“It’s not about building trust with police,” said Danny Cendejas, an organizer with the activist group La ColectiVA, which released its own policy proposal alongside other advocacy organizations. “This is about communities organizing to fight for protections against abuses by ICE.”
Since last year, those groups, as well as individual community leaders, have been urging Arlington to rethink policies that they say keep undocumented immigrants from seeking out county services or interacting with police for fear of being deported.
After years of heightened fear under President Donald Trump and a coronavirus pandemic that ravaged immigrant communities early on, it’s a step that some other local governments — in Northern Virginia and beyond — have already taken.
But in deep-blue Arlington, where Democratic candidates often win by higher margins than anywhere else statewide, advocates and lawmakers alike say that it is also about bringing policies in line with the county’s self-perceived status as a welcoming, liberal community.
“Arlington for a long time has had this magical thinking about itself, and it’s finally facing the cold light of day,” said Simon Sandoval-Moshenberg, legal director of the immigrant advocacy program at Legal Aid Justice Center. The County Board is realizing that Arlington “actually has a lot of catching up to do,” he added.
Such a divide was clear in county-run listening sessions with immigrant residents last week, meant for lawmakers and officials to receive feedback on the draft framework.
With County Board members listening over Zoom, a succession of residents at one session on Tuesday evening described mostly in Spanish — and sometimes in painful detail — about how their immigration or citizenship status had colored their experiences living in Arlington.
Fear of deportation had prevented one woman from calling the police. Another said she had been mistreated by county staff for seeking basic services.
“Some of our residents haven’t felt and don’t feel safe, and we need to focus on what is essential to safety,” said County Board Chair Matt de Ferranti (D). “That’s what we should be about in terms of public safety — not federal immigration law.”
He conceded that although the county has a “pretty lengthy record” of inclusive policies toward immigrants, “it’s not as good as we might like.”
Just under one in four Arlington residents are foreign-born, according to the U.S. Census Bureau’s American Community Survey, with the largest communities of immigrants hailing from Bolivia, China, Ethiopia and El Salvador. About one-quarter of the immigrant population across Virginia is undocumented, according to estimates from the nonpartisan Migration Policy Institute.
Federal and state law requires Arlington to work or communicate with federal authorities in certain ways, such as submitting the fingerprints of jail inmates into a federal database that may alert ICE if that person is undocumented.
But Cendejas, of La ColectiVA, said that some police practices have unnecessarily put some of those undocumented Arlington residents at greater risk — without any mandate from above.
In one August 2019 incident, he said, Arlington police had effectively handed one man over to ICE at a traffic stop.
Following a vehicle crash on Columbia Pike, the motorist was not able to offer up a U.S. license, offering up other identifying documents instead. Because police suspected they were fake, the officers conducted a background check — which revealed he was a deported felon, said Ashley Savage, a spokeswoman for Arlington police.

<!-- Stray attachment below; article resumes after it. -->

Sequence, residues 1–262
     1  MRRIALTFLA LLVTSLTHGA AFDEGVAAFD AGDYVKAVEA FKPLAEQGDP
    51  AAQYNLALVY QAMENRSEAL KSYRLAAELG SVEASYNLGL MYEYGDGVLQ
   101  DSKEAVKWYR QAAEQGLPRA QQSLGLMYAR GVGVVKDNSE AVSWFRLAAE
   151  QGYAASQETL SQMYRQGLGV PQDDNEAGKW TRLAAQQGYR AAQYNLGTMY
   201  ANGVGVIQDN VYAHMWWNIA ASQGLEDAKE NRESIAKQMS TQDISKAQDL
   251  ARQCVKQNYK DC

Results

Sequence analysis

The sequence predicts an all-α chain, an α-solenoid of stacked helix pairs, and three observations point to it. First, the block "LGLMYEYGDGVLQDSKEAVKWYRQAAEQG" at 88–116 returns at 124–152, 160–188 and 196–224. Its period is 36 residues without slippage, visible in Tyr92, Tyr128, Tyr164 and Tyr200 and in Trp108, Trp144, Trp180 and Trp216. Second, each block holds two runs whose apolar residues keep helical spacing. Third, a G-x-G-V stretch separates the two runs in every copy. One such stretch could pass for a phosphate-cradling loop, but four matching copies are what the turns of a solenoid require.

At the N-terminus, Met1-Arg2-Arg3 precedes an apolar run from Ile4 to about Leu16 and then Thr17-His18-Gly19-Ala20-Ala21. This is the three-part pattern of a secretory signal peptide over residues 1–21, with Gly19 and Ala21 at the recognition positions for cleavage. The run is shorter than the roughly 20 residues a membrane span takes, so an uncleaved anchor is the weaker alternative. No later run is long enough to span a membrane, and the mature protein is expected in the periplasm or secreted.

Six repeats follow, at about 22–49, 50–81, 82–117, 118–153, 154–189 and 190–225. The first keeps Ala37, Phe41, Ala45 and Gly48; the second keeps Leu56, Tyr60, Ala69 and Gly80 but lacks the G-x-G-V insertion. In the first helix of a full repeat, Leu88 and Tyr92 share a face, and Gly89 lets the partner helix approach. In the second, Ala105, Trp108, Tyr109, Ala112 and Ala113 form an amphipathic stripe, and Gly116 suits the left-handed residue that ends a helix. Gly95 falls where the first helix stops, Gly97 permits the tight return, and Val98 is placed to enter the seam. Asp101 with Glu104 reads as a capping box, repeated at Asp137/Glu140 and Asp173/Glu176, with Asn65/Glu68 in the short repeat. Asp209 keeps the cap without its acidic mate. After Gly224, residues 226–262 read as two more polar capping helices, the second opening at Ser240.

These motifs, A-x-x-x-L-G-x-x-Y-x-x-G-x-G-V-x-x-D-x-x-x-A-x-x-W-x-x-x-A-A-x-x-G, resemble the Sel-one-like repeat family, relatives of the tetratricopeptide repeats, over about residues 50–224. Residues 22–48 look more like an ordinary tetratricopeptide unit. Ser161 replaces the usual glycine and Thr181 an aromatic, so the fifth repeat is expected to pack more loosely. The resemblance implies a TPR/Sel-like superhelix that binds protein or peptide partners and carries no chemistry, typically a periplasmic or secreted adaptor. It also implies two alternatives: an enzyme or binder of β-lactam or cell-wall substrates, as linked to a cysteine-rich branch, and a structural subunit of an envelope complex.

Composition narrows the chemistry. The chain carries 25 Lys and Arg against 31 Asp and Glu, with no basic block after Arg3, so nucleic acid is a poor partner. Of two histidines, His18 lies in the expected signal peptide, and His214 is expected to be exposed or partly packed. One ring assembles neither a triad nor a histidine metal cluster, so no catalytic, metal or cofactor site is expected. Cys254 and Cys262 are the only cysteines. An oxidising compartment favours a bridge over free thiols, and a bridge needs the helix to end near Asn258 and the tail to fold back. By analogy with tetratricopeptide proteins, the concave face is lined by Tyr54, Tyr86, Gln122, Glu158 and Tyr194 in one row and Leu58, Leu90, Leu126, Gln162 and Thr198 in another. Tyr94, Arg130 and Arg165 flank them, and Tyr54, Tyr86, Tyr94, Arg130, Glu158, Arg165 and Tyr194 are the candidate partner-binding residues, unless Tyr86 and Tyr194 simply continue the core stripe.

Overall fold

That prompted officers to contact ICE, which responded to the scene and picked him up there.
County lawmakers earlier this year repealed a law that allowed police to arrest residents for failing to show a valid ID. But per Arlington Police Department policy, officers continue to have the discretion to contact ICE if someone they arrest has been charged with a violent felony, or “in serious situations where a potential threat to the public safety is perceived.”
The proposal from La ColectiVA and other groups would further limit the county’s communication with ICE and prevent federal immigration authorities from accessing county property or records, unless it is legally required by a judge.
De Ferranti said the draft framework is far from complete. “I didn’t want people to feel this was finished,” he said, noting that the county would probably vote on a fleshed-out proposal by March — despite previously saying a vote would happen by the end of this year.
Still, the greatest risk of immigrants being transferred over to ICE may fall outside the county board’s purview.
Sandoval-Moshenberg — whose organization offers legal representation to low-income residents facing deportation proceedings — said Arlington most directly puts undocumented residents at risk of deportation through its policies in the county jail.
Unlike many of Virginia’s more rural jurisdictions, Arlington does not honor ICE detainers — requests from the agency to hold undocumented inmates beyond their length of jail time until federal agents can pick them up.
But for those brought in for either a felony or most Class I misdemeanors, the county jail can and does let the agency know when someone is about to be released. Those calls, which some other sheriffs have ordered their deputies to no longer make, allow ICE agents to then assume custody.
Sheriff Beth Arthur (D), who is elected independently of the County Board, holds oversight over the county jail and its policies. Although the issue is delicate, she said, she had to balance activists’ concerns — which she had not heard directly from advocacy groups — with “public safety concerns.”
“I’m between a rock and a hard place,” she said. “If I do nothing to notify them that [someone] is going to be released from jail and that person goes out and murders somebody, then what?”
Rachel Weiner contributed to this report.